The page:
Along the way, I traverse little towns and one was Cassville, Mo., and Hey! what's that? Do I turn around, two blocks of thought and the answer is YES!
A Saturday morning local car show in rural Missouri, pulling in people from Missouri and nearby NW Arkansas.



Check out the houndstooth upholstery. Those of a certain age will remember that as stock. You don't see houndstooth anymore, or cloth.



Yaas, indeed!




At first I thought it was a Chevy show as there were a lot of these





But other marques were represented--like the Cobra. What I realize now is that many times on these rides, I'll pass through a town, and I question whether to stop. After all it's not on the "agenda" as fluid as that is, and I have to be here then, no, I really don't...too many words to say, my advice is stop; these are things that make a trip memorable as much as anything planned. As Art Bell, on Paranoia Radio, the home of late night conspiracy theorists, often says: there are no coincidences. BTW, I usually do not wear foil under my helmet, but sometimes think it's a good idea, you know, just for protection from the Rigellian Reptilian Mind control. Laugh at your own risk...jus' sayin'...ok?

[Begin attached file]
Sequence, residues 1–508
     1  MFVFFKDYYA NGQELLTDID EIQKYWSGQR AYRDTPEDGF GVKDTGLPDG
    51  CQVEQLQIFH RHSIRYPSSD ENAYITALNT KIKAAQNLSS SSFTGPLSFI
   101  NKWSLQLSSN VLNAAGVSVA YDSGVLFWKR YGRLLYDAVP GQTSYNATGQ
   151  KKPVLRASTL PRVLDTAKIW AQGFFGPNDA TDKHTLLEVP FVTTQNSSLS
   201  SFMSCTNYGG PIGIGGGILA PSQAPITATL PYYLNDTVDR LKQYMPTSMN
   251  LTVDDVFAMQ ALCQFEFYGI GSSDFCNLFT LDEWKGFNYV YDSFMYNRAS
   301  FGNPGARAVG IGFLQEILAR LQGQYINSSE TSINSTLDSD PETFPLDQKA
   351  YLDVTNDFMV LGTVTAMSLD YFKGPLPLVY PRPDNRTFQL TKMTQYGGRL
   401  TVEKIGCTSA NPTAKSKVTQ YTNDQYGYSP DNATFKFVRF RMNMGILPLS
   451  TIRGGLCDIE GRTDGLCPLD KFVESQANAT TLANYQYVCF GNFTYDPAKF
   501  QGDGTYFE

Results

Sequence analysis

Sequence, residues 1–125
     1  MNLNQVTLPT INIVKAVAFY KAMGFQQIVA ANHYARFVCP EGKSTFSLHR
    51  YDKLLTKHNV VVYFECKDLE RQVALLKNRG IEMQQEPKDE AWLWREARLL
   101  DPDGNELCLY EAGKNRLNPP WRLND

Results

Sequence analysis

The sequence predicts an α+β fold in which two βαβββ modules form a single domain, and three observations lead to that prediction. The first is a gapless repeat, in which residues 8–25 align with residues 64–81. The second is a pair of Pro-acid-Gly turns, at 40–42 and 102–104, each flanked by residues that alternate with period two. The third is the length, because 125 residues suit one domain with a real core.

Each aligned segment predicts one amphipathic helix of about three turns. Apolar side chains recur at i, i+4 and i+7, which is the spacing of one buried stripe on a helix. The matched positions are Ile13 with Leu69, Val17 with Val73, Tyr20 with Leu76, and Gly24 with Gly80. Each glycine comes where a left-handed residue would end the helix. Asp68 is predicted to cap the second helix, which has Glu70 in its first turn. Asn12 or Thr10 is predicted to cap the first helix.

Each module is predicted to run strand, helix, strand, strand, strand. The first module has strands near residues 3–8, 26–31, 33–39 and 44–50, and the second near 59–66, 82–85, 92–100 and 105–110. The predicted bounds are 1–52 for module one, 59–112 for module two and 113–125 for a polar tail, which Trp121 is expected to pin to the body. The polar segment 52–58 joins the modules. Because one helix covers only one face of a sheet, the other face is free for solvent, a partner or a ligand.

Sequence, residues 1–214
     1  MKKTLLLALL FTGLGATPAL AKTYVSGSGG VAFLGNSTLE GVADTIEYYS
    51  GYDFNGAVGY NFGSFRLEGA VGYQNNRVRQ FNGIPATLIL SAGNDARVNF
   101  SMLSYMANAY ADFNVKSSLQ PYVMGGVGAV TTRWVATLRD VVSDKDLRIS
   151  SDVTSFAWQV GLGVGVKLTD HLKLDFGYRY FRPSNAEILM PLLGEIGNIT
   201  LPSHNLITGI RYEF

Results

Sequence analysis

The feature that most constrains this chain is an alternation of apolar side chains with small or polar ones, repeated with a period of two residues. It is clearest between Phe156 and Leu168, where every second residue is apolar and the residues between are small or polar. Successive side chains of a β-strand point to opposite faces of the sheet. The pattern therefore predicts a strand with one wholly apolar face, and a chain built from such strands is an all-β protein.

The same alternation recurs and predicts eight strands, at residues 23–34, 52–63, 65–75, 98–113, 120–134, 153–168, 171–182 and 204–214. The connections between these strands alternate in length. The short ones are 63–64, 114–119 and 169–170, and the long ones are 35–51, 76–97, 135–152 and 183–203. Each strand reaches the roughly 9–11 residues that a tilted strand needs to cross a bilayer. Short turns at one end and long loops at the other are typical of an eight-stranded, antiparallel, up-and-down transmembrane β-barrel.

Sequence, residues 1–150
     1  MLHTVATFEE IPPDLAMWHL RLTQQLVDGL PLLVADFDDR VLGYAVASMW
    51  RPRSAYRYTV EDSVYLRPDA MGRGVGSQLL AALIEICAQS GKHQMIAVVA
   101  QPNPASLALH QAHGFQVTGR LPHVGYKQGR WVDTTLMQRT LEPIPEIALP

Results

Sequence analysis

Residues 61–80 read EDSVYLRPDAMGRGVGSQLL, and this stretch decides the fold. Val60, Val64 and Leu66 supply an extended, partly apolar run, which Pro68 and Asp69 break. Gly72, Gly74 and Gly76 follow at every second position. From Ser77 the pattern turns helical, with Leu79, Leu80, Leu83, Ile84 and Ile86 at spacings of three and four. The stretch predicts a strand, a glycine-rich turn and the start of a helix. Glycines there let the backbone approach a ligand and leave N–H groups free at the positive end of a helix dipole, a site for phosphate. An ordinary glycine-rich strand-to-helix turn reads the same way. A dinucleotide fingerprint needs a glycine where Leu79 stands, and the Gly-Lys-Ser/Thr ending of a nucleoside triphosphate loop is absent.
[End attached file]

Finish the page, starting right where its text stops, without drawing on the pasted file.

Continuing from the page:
Bel-Air in Dreamsicle



and a dreamy Biscayne



These cars were pre Impala,

but only by a couple of years.
oh, yeah...the hand grenade shifter is a really nice touch









My first car was a '62 red Impala coupe. I had Moon Eyes decals on the back windows--that was the ONLY Moon accessory. I also changed the trim piece in the front from a "V" to the Chevy V with "crossed flags," indicating I had a 327 rather than a 283. Oh, and I had dual exhausts, with one "glass-pack" and one "steel pack" muffler. It sounded great, but this emperor had no clothes...total pretense. But at 17, pretense is often as good as the real thing, right?